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Monday, March 18, 2013

The Fabric of Death

The unexpected death of her husband has left my sister hanging on a thread. They were supposed to spend their 40th wedding anniversary together this past weekend, but sadly there will be no more celebrations of this kind. The grieving process although necessary feels as if I am watching her slowly fade away. She has tried counseling but feels so disconnected that she no longer attempts to share her pain. If you have ever been around someone like this, you can attest to the ache within your own heart as you watch helplessly knowing it's a personal journey. (To learn more about this tragedy please read.)

Last spring when this occurred I was compelled to move my office into her home and I lived with her for 6 weeks. It was during this endeavor when I saw first-hand how the body goes into shock and denial. She would wake each morning hoping it had all been a bad dream. She stopped eating or caring and her nurturing spirit turned towards her beloved pets. Now she fears they too will get sick and leave her alone with her thoughts.

It was during his funeral as she was searching through his belongings when the idea first struck me. I had meditated the night before he had passed and he had spoken to me. I asked him how I could help his wife and his reply came very clearly.

"Hold her. She is a strong woman that can do anything in this world, but she cannot hold herself."


As she was rummaging through his things looking for his policeman's badge I looked at all of his shirts with tiny golf emblems on them. As a retired police chief he had moved into his next profession as a caddy master at a local golf course. His closet told the story. Policeman's emblems embroidered on jackets to country club insignias adorning his shirts. These would make a beautiful quilt, I thought. She could take this quilt and wrap herself in him. He could hold her once more.

Pattie proudly displays her handiwork
And so I spoke with my other sister Pattie, the one born with a needle and thread in her hand, and asked if she would help. Susan and Pattie have never really been close and I wasn't really sure how this would turn out. They are both talented seamstresses. I held my breath hoping Susan would agree to this, after all we were cutting up his clothes. Susan was honored that Pattie would take the project on. I sat back knowing my role was the bridge that had come up with the idea and had put the two of them together.
Pattie had to work with whatever Susan gave her— ties, shirts, jackets and even his pajamas. She cut, measured and hand-sewed non-stop committing all of her spare time to this amazing feat.

Meanwhile I arranged to have a sister's weekend in my home. All three came to spend some relaxing time in sunny Florida... this event happened to fall on the non-celebrated 40th wedding anniversary.  Susan needed us and all four sisters gathered to support her. There were tears and laughter and healing as we blended together and supported one another.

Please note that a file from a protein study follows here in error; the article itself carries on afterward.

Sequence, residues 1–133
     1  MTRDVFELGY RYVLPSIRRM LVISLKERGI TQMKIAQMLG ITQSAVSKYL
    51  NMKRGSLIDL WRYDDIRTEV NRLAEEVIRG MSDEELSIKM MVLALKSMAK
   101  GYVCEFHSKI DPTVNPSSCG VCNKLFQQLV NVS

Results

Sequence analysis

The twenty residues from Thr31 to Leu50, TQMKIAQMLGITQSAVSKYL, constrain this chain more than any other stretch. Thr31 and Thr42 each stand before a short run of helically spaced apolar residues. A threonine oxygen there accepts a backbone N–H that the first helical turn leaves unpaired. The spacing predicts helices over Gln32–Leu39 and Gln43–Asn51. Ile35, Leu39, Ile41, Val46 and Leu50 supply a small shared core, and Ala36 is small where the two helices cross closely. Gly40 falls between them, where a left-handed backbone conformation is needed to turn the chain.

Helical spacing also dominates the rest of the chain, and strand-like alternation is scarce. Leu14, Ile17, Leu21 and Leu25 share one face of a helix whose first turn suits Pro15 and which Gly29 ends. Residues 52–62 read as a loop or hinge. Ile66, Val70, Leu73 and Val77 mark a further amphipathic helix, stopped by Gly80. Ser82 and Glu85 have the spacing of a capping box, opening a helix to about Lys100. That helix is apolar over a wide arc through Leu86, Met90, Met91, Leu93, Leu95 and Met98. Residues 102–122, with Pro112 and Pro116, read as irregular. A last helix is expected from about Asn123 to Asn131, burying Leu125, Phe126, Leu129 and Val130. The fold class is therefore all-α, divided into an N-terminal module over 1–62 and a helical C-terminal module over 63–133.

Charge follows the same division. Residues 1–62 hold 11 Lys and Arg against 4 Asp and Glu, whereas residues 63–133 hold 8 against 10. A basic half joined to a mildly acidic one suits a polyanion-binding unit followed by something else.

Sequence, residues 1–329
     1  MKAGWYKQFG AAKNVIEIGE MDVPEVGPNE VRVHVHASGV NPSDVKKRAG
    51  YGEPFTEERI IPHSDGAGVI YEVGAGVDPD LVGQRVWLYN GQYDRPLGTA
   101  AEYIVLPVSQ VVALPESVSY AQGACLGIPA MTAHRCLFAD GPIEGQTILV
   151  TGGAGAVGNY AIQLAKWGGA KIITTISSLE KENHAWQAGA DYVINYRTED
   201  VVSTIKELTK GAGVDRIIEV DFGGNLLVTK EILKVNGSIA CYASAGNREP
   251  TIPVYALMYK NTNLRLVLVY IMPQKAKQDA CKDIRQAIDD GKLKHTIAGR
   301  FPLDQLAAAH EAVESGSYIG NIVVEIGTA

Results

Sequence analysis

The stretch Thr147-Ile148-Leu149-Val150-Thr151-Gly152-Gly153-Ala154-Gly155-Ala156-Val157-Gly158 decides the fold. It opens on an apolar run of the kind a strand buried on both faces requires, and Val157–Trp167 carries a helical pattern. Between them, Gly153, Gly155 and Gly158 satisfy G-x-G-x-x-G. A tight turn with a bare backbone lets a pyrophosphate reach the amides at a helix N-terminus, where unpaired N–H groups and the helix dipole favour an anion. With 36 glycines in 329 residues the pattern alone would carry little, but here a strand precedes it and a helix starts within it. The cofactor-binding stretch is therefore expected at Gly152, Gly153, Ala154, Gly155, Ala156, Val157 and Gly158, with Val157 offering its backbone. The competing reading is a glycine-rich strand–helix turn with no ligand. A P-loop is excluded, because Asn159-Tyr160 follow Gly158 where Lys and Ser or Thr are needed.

I had forgotten about the quilt as I knew it would take Pattie until springtime to finish it. But I was wrong. As Susan sat limp with emotions and tried her best to smile through her pain, Pattie handed her a package. Susan opened it with trembling hands and cried tears of joy. The quilt is a masterpiece and with it comes healing. Healing for a woman that is grieving for her husband, healing for two sisters that have never really connected. The fabric is woven from memories that will embrace our sister Susan and help bring some comfort to her broken heart. I felt myself overcome as well as I remembered when the idea was first given to me...did Lee help plan this? Was he whispering to me that day?

The next morning my youngest sister Dotsi did a meditation at dawn.
"I was doing my meditation,"  she said, "and seeing lovely colors and I was waiting for what the images would become when a stupid song kept playing. It was a Bee Gee's song and it really was bothering me as it kept interrupting my meditation."
"What was the song?" I asked.
"Something about emotions," she replied.
And so I did a quick search on the web and found the lyrics Dotsi had heard being sung as she was sharing a bed near our sleeping sister Susan.
In the words of a broken heart
It's just emotion that's taken me over
Tied up in sorrow, lost in my soul
But if you don't come back
Come home to me, darling
You know that there'll be nobody left in this world to hold me tight
Nobody left in this world to kiss goodnight
Goodnight
Goodnight

It now holds her every night.
Meditation is a wondrous thing to experience. I am now encouraging my grieving sister to try again. She had stopped as she feared being alone with her sorrow. I believe meditation has given me a clear channel to be able to act upon inspiring thoughts coming to me from my Higher-Self. I believe it gave Susan the ability to be held once more.
To learn how you can use meditation to enrich your life please read How to Begin.